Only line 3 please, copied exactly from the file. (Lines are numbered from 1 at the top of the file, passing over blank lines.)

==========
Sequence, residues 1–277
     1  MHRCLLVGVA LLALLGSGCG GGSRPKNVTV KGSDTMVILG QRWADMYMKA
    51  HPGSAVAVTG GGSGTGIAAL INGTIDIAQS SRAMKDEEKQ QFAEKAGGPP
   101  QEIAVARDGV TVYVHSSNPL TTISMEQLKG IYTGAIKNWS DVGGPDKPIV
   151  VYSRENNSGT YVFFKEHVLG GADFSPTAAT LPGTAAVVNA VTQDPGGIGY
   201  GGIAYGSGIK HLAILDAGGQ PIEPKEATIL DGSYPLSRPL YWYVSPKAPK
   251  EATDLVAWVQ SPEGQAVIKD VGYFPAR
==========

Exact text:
    51  HPGSAVAVTG GGSGTGIAAL INGTIDIAQS SRAMKDEEKQ QFAEKAGGPP